Ring-necked Pheasant
Description  30 - 36"  Large,
dramatic bird, reaching nearly 3
feet, with a long, pointed tail.  
Male has red eye patch, brilliant
green head, and (usually) white
neck ring; body patterned in soft
brown and iridescent russet.

The female pheasant is drab
and mottled sandy brown, with a
shorter tail.

Habitat  Ring-necked
Pheasants are found along
edges of open fields, farmlands,
pastures, and grassy woodland

Diet  Ring-necked Pheasants
are omnivores with diet varying
by season. In winter, they eat
mostly seeds, grains, roots, and
berries, while in the summer
they take advantage of insects,
fresh green shoots, spiders,
earthworms, and snails.

Breeding hens and young
chicks eat a greater proportion
of animal matter than the rest of
the population.

Nesting  Males (also known
as "cocks") establish harems of
hens—as many as a dozen
female birds. Each spring a
male delineates and defends
his territory and his harem from
aggressive rivals. Such
encounters can lead to vicious

Females nest in fields or in
border habitat and lay 6-15 buff-
olive eggs in a grass-lined
depression concealed in dense
grass or weeds. While laying
eggs, females eat large
quantities of high-calcium snail

Young pheasants grow up
quickly and can fly within two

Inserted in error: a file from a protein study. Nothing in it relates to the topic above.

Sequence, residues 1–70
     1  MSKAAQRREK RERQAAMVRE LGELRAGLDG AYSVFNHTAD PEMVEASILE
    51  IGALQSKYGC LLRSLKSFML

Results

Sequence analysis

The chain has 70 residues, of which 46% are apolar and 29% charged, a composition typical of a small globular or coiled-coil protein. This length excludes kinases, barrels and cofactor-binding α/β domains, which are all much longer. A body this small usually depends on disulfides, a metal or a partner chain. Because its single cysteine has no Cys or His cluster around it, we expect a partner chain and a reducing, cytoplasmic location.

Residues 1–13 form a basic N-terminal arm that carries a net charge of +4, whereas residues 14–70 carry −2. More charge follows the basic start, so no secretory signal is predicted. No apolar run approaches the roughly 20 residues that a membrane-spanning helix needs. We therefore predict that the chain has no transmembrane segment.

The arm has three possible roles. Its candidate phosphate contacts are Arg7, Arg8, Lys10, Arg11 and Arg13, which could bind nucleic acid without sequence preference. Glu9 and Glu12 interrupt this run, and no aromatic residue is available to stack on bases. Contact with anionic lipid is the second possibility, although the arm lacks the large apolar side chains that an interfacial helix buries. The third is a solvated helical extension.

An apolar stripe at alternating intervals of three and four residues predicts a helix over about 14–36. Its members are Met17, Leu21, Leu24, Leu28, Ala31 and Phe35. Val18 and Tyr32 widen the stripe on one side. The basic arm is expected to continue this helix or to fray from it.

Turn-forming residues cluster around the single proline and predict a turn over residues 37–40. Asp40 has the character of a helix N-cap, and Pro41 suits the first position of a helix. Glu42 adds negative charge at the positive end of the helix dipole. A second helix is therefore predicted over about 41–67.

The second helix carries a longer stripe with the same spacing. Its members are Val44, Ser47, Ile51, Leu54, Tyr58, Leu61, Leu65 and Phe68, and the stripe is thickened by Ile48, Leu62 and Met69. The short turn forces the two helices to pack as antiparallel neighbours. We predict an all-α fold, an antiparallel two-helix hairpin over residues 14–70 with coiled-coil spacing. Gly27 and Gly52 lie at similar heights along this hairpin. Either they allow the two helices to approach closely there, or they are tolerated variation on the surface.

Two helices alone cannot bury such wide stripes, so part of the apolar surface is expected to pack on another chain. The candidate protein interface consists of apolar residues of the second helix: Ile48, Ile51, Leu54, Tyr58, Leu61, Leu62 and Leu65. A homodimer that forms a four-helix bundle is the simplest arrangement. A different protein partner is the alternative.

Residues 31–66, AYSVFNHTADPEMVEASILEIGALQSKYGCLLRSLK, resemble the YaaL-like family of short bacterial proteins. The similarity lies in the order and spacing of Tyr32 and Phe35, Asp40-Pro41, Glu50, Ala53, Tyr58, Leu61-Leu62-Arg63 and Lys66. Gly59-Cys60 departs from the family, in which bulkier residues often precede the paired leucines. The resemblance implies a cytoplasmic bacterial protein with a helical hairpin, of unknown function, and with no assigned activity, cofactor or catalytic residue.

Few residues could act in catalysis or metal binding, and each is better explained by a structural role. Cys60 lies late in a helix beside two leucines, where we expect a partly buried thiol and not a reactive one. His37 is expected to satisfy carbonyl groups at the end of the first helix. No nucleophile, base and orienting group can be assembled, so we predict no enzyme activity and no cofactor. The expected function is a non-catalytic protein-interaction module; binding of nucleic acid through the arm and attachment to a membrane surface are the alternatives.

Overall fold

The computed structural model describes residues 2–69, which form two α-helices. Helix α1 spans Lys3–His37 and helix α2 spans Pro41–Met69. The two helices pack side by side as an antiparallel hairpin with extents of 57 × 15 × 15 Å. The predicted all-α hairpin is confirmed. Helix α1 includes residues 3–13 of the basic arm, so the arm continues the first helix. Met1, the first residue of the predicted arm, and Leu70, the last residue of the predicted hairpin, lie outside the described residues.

weeks. They will remain with
their mother for six or seven
weeks. At first the chicks feed
largely on insects but soon shift
to the adult diet of berries,
seeds, buds, and leaves.

Range  Introduced from
British Columbia, Alberta,
Minnesota, Ontario, and
Maritime Provinces south to
central California, Oklahoma,
and Maryland. Native to Asia.

Permanent resident. Ring-
necked Pheasants in good
habitat may spend their entire
life in an area less than 700
acres in size.

Voice  Loud crowing caw-
 followed by a resonant
beating of the wings. When
alarmed flies off with a loud

Discussion  Ring-necked
pheasants are native to China
and East Asia, but they have
been successfully introduced in
other parts of the world,
including North America.

In autumn, ring-necked
pheasants form flocks in which
they will live until the following
spring.  After the breakup of
winter flocks, males establish
large territories and mate with
several females.

They can fly and launch
themselves airborne with an
abrupt, noisy takeoff, but typically
run from trouble. Pheasant
flights are merely short-distance
dashes for cover.  Average
lifespan in the wild is about 10
to 20 months.
I hear the pheasant throughout the
day, on the hillsides all around me,
squawking up a storm.  But, getting
a good picture of one of them, is a
whole other story!  
February 2001
December 2005
December 2005
The State Bird of South Dakota
January 2009